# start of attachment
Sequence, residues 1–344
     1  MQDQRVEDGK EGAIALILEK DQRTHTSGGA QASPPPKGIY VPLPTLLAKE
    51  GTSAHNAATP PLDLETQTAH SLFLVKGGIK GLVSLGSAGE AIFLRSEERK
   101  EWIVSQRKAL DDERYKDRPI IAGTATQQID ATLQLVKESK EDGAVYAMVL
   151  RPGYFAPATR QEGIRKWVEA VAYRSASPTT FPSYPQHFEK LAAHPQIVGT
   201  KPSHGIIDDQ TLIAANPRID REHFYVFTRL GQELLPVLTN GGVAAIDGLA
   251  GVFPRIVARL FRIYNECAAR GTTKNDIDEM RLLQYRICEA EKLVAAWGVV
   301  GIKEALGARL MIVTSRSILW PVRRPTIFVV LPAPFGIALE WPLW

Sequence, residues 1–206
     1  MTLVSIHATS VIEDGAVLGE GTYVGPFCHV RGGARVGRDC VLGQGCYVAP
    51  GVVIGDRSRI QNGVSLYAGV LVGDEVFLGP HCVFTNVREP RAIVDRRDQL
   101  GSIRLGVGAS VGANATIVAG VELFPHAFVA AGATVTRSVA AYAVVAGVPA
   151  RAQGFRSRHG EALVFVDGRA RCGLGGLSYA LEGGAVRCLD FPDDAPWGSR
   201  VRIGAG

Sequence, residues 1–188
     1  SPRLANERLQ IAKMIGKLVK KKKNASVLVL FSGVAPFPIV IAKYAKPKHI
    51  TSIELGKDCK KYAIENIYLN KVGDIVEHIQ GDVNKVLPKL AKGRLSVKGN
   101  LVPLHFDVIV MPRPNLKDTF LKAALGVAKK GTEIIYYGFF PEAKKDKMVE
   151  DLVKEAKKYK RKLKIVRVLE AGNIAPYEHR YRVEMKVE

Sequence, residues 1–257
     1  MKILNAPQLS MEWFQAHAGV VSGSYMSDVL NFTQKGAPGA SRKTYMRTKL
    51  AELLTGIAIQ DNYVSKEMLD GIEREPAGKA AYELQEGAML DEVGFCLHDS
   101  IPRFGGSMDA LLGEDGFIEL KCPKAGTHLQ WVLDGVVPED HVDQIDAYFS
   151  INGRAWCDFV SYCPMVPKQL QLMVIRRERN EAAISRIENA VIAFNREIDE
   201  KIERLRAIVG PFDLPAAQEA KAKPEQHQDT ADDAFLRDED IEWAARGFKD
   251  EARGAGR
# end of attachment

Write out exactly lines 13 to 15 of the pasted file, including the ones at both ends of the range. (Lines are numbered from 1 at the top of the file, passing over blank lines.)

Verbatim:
   151  RAQGFRSRHG EALVFVDGRA RCGLGGLSYA LEGGAVRCLD FPDDAPWGSR
   201  VRIGAG

Sequence, residues 1–188